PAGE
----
Although both Nike and Jordan are sports brands and many of the growth opportunities align — women’s, direct-to-consumer — there are differences, Williams said.

“Nike has a different set of attributes and what we want to do is maximize our share of their closet. So it’s really important for us to be able to speak in an authentic voice for Jordan. What I love is the fact that we can get two hangers in the closet versus one, that’s the ultimate pursuit. And if we can do that, that’s fantastic. If we only get one, then you know, it’s a missed opportunity for us.”

Williams described the Nike brand as “closely associated with everything that revolves around sport and activity and getting everything out of yourself that you can imagine. The Jordan Brand started with the man himself, a man who defied gravity for the briefest of moments jumping from free throw lines. A man that is considered the greatest of all time on the basketball court. Those attributes of greatness and excellence, and striving to be the absolute best in the game appeal to consumers all across the world. It doesn’t matter if you’re male or female, adult or kid, what matters is an aspiration to those things that the brand stands for, as a result of what the man stood for. So from that perspective, we’re pretty clear about how to align to those attributes.”

He said the man himself is part of the brand’s advisory board and meets with the team on a quarterly basis to “review strategic opportunities for the brand. He is still passionate about the game and the brand.”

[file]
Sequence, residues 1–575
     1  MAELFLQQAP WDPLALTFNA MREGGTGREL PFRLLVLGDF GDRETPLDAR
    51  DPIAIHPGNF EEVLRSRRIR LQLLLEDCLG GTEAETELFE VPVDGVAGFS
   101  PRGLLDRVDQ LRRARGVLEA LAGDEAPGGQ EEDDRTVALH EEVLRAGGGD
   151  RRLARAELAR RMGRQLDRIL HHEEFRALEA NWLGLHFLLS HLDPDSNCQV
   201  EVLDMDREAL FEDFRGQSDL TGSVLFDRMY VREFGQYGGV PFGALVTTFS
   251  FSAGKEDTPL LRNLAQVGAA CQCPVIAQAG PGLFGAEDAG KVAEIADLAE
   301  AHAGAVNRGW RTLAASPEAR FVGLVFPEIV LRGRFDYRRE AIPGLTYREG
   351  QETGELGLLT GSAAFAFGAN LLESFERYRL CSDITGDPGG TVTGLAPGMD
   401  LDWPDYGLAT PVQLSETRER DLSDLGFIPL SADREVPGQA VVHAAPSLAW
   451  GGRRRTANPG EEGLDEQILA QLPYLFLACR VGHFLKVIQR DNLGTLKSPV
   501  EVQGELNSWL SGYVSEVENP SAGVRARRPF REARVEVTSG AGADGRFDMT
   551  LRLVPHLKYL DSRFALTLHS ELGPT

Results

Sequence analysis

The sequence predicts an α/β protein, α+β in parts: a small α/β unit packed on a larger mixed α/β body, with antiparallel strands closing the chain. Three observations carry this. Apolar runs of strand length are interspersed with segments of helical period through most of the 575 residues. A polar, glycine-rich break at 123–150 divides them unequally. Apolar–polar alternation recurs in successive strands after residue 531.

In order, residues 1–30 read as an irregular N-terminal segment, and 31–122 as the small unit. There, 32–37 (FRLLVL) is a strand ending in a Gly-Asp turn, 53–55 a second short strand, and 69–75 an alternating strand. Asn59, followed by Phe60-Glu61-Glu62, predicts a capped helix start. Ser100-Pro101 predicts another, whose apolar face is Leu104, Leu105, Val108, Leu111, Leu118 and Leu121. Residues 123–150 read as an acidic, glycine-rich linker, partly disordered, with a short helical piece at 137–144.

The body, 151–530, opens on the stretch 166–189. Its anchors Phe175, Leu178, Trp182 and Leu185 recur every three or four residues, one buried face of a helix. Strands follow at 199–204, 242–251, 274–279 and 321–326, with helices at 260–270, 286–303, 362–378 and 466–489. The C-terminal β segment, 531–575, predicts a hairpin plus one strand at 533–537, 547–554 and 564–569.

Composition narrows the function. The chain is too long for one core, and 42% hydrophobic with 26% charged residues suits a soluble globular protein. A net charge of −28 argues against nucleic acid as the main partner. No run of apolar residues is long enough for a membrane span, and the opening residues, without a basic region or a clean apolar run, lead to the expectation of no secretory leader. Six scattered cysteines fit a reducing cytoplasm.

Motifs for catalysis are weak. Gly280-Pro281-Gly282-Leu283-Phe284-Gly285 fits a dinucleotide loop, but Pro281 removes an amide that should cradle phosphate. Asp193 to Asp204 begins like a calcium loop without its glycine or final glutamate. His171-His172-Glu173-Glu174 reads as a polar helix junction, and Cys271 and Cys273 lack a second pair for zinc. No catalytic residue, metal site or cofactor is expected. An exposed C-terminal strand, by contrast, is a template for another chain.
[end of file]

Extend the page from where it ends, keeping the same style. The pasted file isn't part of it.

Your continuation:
What’s interesting is that although Jordan retired three times — 1993, 1999 and finally 2003 — he remains as big a star as ever. But that doesn’t surprise Williams.

“I’m not surprised at all, because his story is so relevant,” he said. “Being cut from a high school basketball team, and then coming back and starring on that basketball team and going on to be the greatest. If you tell any kid that story, they say, ‘You know what? I can do anything, I can overcome.’ And since his exploits on the basketball court, he’s done the same thing in the world of business. He became a majority owner of a basketball team [the Charlotte Bobcats, now the Hornets], and he’s done so many things from a business standpoint, that he is literally the prototype for many professional athletes that are also trying to do things beyond their playing days.”

In addition, with sites such as YouTube, the youth of today can easily see clips of Jordan on the court, “so it’s easy to re-educate them,” he said.

But while the backstory is inspirational, the Jordan Brand is still a business and Williams and his team face challenges like any other brand.

“Our biggest challenges are the many uncontrollable external factors that we have to deal with,” he said. “The biggest among them is COVID[-19] and what impact it will have in local markets around the world. None of that is predictable. We’re dealing with shutdown situations in Greater China right now. Frankly, 90 days ago, we were optimistic that our worst days were behind us. But when I look at COVID[-19], the geopolitical issues, the conflict in Europe, or the threat of recession, they represent the biggest challenge for us because they will impact the consumer.”